| 1800 (1800)|
4 May 1982
| Lockwood,Benoni, II|
| 1 School St., North Springfield, Vermont|
The Lockwood-Boynton House is a historic house at 1 School Street in North Springfield, Vermont. Built c. 1800 and enlarged in 1813 by a local master builder, it is well-preserved example of Federal period architecture in brick, with distinctive colonnaded ground floor bays. It was listed on the National Register of Historic Places in 1982.
Lockwood-Boynton House Wikipedia
The Lockwood-Boynton House stands in North Springfield village, at the northwest corner of School and Main Streets. Its main block is roughly square, and covered by a hip roof with two interior chimneys. Three of its four walls are brick; that on the west is clapboarded, as is the wood-frame addition extending to the north. The main block has front facades facing both streets, each with five symmetrical bays. The ground floor windows and central doorways are set in slightly recessed round-arch panels, giving the house an arcaded appearance. The interior follows a central hall plan, and includes a full-width ballroom with coved plaster ceiling on the second floor.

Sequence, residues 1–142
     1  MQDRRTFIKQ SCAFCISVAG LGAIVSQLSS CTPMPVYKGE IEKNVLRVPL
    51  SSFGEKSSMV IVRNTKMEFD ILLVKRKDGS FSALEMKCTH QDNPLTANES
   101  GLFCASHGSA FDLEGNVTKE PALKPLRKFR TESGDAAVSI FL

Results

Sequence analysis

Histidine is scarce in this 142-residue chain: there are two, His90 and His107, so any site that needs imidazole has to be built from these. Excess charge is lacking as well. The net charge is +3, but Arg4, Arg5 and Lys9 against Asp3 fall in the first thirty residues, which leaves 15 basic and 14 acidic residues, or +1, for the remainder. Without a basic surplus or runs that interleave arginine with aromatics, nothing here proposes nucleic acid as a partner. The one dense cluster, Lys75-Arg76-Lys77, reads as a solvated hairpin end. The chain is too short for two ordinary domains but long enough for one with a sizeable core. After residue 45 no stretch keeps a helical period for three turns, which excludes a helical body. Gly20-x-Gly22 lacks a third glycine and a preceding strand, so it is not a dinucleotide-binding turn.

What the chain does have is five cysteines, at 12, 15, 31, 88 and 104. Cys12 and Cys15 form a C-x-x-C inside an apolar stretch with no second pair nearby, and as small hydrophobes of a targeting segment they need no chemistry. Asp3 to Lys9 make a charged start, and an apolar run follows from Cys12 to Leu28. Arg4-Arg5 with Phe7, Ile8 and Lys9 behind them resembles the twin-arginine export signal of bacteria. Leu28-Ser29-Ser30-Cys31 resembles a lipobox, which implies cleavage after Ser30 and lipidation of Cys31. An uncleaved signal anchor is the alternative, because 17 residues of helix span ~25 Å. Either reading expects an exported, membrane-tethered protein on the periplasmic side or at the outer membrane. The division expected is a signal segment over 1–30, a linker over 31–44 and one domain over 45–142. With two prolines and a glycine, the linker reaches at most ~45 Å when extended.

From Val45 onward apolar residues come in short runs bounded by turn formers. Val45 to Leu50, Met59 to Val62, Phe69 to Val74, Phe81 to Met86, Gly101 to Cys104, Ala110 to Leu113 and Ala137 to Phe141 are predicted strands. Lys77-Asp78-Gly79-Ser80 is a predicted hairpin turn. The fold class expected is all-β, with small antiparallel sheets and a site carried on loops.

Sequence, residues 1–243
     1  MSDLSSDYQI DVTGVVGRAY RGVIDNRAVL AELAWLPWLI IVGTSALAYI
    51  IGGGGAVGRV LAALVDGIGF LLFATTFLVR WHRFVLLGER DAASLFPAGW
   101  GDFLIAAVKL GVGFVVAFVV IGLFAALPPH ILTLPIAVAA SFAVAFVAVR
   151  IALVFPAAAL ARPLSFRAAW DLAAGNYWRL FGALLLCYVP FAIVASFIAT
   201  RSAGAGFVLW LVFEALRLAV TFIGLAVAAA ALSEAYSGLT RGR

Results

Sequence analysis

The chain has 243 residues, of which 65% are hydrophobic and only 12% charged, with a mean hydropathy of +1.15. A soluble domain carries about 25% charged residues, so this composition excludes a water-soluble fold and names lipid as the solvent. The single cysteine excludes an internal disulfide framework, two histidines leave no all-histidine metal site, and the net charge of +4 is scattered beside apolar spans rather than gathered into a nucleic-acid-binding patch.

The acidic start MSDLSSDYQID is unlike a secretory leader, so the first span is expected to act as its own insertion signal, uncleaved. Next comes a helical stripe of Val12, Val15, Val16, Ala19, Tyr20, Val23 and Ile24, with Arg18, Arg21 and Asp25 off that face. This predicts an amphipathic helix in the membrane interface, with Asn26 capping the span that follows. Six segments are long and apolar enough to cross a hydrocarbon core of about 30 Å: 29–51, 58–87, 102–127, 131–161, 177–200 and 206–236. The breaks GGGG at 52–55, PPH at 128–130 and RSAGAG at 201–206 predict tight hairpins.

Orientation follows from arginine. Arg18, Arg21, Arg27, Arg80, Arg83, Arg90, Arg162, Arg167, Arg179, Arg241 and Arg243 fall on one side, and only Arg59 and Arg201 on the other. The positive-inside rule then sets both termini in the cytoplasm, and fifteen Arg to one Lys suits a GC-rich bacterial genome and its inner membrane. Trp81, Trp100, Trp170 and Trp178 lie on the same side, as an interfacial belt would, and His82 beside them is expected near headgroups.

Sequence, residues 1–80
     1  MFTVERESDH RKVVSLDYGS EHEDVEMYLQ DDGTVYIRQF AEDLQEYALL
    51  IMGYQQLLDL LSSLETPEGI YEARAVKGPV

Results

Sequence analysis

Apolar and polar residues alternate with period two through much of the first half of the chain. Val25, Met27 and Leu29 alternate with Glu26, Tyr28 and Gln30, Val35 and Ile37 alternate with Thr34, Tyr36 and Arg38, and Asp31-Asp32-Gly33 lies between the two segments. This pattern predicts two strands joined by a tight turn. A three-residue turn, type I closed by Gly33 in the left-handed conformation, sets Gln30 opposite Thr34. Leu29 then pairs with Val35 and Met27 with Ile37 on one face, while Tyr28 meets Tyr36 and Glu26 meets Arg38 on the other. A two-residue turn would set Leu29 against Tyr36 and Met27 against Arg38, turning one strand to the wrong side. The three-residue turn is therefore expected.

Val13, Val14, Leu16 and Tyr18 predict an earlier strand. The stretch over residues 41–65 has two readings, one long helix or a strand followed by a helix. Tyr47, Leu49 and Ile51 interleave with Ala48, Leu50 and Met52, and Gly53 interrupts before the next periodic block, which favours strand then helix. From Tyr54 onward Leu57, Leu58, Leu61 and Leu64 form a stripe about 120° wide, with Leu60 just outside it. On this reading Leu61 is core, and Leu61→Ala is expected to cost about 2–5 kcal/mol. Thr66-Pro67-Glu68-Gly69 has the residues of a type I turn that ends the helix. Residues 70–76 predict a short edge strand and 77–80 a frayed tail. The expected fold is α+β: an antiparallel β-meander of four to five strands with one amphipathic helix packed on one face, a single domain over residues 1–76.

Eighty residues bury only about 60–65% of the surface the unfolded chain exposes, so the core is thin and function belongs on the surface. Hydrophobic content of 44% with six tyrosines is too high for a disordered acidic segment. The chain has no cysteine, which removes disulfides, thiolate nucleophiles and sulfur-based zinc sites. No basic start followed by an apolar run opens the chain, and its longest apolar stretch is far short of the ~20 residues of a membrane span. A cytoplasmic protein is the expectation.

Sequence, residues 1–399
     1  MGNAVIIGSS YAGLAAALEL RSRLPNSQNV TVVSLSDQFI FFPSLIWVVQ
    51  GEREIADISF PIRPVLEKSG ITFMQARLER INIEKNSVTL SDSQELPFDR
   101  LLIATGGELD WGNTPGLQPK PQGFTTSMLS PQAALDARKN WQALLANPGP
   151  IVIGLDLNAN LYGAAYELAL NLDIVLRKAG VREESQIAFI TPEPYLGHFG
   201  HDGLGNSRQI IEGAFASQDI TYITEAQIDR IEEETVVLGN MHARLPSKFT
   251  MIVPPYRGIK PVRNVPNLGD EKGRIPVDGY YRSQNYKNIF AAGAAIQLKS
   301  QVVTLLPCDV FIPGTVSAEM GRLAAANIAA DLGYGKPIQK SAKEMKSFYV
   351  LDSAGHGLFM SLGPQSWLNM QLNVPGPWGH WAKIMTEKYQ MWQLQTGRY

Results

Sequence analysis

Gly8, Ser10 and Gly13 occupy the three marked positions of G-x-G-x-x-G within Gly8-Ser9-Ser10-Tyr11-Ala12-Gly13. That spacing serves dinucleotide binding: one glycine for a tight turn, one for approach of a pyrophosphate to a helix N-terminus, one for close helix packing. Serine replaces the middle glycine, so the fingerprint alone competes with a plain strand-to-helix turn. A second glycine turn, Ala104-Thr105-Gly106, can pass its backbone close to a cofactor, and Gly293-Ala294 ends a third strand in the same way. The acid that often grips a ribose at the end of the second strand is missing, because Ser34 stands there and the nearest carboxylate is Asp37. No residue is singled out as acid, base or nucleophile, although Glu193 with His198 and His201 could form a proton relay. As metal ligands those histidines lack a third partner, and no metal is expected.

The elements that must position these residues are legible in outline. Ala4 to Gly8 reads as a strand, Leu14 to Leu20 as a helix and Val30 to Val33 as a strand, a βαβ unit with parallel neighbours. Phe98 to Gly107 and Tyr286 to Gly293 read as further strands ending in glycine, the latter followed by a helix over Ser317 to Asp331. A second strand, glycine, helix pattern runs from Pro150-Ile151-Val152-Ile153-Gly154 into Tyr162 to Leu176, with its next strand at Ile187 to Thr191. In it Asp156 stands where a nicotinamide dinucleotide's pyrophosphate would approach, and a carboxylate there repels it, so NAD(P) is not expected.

The oldest brick portion of the house was built about 1800, and was the village's first tavern, located just north of the village green. It was a success as a center of social life in the village, and was enlarged in 1813 by Benoni Lockwood, owner of the area's first brickyard. Lockwood is credited with giving the house its present high-quality Federal period elements, although he was also responsible for subdividing the ballroom into bedrooms. In the 1870s, the house was owned by Durant Boynton, who owned a local sawmill, and served in both local and state government. In the 1970s the house was adapted for use as an elder care facility; alterations for later uses have generally preserved the building's historic fabric.